Tesla urges dismissal of California bias lawsuit

Aug 24 (Reuters) – Attorneys for Tesla Inc (TSLA.O) will urge a California judge on Wednesday to file a lawsuit by the state’s civil rights office accusing the electric car manufacturer of widespread racial discrimination in an assembly plant.

Judge Evelio Grillo of the California Superior Court in Oakland will hold a hearing on Tesla’s bid to dismiss the lawsuit by the State Department of Civil Rights (DCR). Tesla, which is facing a series of other employee discrimination lawsuits, says the case is politically motivated.

In a complaint filed in February, the DCR said Tesla’s flagship factory in Fremont, California, was a racially segregated workplace where black workers were harassed and discriminated against in terms of job assignment, discipline and salary. read more

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Tesla, which has denied wrongdoing, and his lawyers did not respond to a request for comment Tuesday. Nor the DCR, which until last month was called the Department of Fair Employment and Housing.

Austin, Texas-based Tesla is facing a series of race and gender discrimination cases, most of which involve its Fremont plant.

A state judge in April reduced a jury verdict for a black worker who alleged racial harassment from $137 million to $15 million. The plaintiff rejected the reduced award and opted for a new trial, scheduled for March 2023. read more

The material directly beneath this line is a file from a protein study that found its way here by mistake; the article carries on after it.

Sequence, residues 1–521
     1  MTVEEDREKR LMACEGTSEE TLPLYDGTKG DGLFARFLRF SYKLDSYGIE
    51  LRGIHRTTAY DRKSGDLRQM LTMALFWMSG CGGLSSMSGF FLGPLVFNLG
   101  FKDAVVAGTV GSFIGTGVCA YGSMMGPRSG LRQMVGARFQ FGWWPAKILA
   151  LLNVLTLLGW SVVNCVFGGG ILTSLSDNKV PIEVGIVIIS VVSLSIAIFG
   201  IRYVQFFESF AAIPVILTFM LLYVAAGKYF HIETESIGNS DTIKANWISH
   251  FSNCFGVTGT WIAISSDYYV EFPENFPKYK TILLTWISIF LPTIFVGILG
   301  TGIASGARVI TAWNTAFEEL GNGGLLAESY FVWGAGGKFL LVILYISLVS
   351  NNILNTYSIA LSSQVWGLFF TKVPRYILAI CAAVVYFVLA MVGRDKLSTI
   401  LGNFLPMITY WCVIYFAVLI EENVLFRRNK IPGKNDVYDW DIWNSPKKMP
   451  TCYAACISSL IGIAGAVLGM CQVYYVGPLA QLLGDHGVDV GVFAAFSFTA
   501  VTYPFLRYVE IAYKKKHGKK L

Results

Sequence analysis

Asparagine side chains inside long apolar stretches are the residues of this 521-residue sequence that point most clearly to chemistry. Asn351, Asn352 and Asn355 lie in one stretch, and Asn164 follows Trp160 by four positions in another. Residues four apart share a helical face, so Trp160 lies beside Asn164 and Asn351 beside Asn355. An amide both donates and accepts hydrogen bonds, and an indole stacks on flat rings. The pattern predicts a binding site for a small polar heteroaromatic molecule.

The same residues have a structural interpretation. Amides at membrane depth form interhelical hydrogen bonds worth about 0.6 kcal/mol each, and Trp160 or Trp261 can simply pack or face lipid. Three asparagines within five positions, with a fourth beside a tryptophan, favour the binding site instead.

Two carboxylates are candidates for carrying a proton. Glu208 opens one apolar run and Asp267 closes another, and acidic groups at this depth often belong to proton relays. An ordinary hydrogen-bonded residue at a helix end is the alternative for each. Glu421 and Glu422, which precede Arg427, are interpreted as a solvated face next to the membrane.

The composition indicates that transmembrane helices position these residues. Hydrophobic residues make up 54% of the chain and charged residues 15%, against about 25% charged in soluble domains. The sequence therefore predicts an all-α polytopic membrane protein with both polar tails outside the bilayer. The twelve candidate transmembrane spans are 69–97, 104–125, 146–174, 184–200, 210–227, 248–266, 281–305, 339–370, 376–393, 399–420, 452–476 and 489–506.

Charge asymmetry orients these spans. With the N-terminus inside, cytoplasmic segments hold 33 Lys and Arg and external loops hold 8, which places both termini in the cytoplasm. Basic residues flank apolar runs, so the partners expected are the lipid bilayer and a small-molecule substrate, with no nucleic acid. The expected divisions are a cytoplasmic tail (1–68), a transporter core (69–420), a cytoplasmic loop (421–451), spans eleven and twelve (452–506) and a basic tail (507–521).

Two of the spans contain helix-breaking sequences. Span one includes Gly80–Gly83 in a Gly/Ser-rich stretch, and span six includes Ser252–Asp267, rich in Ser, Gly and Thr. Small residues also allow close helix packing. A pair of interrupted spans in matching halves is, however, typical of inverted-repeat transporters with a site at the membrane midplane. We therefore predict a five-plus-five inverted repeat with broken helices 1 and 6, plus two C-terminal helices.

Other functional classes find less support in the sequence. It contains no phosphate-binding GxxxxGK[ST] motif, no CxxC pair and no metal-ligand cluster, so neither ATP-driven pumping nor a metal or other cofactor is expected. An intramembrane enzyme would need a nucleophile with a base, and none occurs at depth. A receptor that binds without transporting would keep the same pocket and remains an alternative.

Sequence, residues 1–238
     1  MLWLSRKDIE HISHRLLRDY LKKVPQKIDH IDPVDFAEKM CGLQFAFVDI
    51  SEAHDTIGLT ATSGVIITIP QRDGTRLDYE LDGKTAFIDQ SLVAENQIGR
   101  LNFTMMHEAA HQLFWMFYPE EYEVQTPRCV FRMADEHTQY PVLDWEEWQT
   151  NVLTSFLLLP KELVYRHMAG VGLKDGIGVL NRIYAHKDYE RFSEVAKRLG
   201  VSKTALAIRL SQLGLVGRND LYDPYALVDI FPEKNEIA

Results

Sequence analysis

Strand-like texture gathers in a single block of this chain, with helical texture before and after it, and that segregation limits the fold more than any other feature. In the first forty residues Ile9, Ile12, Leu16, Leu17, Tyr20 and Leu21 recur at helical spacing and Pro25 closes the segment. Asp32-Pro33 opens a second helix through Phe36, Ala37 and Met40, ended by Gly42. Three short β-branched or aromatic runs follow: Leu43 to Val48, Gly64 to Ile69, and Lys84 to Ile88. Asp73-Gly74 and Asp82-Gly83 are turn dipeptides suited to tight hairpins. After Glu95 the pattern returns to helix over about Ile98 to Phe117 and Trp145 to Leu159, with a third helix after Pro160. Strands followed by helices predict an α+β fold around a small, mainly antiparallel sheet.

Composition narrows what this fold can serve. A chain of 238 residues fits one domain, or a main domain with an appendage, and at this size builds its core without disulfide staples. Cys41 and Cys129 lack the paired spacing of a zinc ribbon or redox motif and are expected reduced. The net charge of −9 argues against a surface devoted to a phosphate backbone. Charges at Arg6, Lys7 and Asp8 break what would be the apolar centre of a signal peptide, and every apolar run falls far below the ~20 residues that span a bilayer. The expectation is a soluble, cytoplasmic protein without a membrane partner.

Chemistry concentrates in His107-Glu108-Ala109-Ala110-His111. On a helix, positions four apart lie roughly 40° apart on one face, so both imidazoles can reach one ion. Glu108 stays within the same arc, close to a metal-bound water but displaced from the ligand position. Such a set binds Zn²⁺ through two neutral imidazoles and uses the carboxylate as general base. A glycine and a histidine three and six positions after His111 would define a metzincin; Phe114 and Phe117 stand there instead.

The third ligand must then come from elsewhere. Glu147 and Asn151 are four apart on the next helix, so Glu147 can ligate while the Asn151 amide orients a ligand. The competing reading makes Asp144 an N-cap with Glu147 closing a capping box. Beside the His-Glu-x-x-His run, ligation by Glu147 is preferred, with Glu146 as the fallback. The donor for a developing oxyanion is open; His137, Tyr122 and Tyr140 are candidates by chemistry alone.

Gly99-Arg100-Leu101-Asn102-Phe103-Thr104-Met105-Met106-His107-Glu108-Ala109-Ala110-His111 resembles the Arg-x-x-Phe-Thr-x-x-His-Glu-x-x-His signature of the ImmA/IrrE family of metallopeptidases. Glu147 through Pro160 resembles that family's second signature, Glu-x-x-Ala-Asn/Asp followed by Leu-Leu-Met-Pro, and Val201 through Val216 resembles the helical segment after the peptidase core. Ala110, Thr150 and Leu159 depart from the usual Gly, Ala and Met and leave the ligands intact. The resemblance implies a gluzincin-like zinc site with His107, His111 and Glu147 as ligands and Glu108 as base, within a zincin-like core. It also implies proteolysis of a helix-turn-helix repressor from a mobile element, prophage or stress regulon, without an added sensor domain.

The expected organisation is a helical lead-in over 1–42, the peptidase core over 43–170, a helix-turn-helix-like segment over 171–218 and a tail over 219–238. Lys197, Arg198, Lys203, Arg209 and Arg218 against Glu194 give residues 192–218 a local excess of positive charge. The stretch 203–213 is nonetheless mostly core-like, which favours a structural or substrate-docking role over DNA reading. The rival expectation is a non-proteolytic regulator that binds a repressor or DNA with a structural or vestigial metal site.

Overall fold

In its motion to dismiss the DCR’s case, Tesla says the agency has violated its obligations under state law by filing the lawsuit without first notifying the company of all claims or giving it an opportunity to to arrange.

The agency replied that before filing a lawsuit, it had followed all of its internal procedures, including giving Tesla the option to mediate.

Tesla filed a complaint in June with another government agency, the California Office of Administrative Law, alleging that the DCR’s alleged errors are widespread and that the procedures adopted by the agency are illegal. The OAL declined to review Tesla’s petition earlier this month without giving a reason. read more

There is little precedent for challenging the powers of anti-discrimination agencies that have broad powers to sue employers.

In the 2015 Mach Mining v. Equal Employment Opportunity Commission case involving the agency that enforces federal anti-bias laws, the U.S. Supreme Court said courts cannot delve into the details of how the agency behaves before to file a lawsuit.

The California law, which is similar to federal law enforced by the EEOC, says the DCR “will attempt” to settle bias claims through “conference, mediation and persuasion” before prosecuting, but does not strict requirements for the agency to follow.

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Reporting by Daniel Wiessner in Albany, New York, editing by Alexia Garamfalvi and Nick Zieminski

Our Standards: The Thomson Reuters Trust Principles.

Daniel Wiessner

Thomson Reuters

Dan Wiessner (@danwiessner) reports on labor and employment law and immigration law, including litigation and policy making. He can be reached at [email protected]

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